New grade policy is too extreme
A new protocol for some departments at USF is another example of factions of the University trying to correct a specific problem with a sweeping policy that will end up harming more students than it should.
Starting this semester, students majoring in biomedical sciences, biology, microbiology, chemistry, medical technology and undeclared pre-medical sciences students will be forced to change majors if they receive three D’s or F’s in any required courses for their major.
This rule applies for first-time USF students and continuing students with no D’s or F’s. Those who already have at least one D and/or F will be forced to change majors if they receive two more.
This policy seems unnecessarily harsh, especially considering its apparent goal. Katharine Cole, assistant dean of Undergraduate Studies in the College of Arts and Sciences, said it will help “identify struggling students and help them find a new path for success.”
There are some students who repeat lower-level science courses multiple times with no improvement and should reconsider their major. However, some students just struggle in certain areas. Students must do well in every class required for their major, including math, biology, chemistry and physics – and they can only mess up twice.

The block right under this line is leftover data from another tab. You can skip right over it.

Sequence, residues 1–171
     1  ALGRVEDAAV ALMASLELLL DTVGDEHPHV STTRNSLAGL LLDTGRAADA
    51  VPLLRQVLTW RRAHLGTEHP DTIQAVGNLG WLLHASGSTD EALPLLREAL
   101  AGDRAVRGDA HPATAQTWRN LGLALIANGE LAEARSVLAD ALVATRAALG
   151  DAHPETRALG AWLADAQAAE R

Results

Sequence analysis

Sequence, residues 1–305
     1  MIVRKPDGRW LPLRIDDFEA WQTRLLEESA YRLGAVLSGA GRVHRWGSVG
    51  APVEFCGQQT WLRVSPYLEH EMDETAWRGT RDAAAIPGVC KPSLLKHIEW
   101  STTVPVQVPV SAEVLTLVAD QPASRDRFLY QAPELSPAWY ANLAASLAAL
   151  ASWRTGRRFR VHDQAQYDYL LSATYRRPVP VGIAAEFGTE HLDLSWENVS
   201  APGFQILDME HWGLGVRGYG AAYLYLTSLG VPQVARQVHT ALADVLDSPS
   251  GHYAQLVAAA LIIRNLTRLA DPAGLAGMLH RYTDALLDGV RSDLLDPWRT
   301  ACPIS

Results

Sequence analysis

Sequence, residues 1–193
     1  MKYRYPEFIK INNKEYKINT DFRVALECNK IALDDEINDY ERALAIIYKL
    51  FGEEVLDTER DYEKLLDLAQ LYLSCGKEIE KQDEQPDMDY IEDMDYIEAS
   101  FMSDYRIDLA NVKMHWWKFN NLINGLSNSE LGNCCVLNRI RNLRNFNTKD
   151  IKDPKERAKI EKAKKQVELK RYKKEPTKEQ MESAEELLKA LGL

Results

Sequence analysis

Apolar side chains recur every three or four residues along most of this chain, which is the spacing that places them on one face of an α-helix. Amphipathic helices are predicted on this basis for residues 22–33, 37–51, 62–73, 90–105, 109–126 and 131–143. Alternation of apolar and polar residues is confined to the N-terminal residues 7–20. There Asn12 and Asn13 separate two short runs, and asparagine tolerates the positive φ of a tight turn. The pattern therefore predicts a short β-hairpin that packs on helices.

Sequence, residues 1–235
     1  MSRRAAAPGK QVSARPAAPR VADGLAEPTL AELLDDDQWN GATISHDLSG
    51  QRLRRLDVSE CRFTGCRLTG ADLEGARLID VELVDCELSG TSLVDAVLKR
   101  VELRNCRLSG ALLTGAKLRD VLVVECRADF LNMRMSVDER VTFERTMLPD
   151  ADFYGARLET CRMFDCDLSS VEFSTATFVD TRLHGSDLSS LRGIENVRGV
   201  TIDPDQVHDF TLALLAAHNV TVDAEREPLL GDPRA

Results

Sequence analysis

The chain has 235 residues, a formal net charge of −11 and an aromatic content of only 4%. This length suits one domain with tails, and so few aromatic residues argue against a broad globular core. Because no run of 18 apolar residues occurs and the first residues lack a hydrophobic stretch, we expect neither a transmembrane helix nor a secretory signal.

Not only would a student have to change majors, he or she could not switch to any major in the Department of Chemistry, Department of Integrative Biology or Department of Cell Biology, Microbiology and Molecular Biology.
Students who are serious about pursuing a career in science or going to medical school will likely switch to another university with less stringent policies, rather than choose a major they will not enjoy. An exodus of science majors would end up hurting USF.
Failing a few classes does not mean students won’t succeed.
The policy may even add stress to students who do well in all their courses. Though they make good grades, students may worry too much – knowing that after just three strikes, they’re out. College is stressful enough.
The University should not group students who are struggling with students who will never succeed in biology or chemistry. Those who receive three D’s and/or F’s should instead be required to meet with a departmental adviser. They should be required to receive counseling and tutoring and should only be expelled from their major in extreme situations.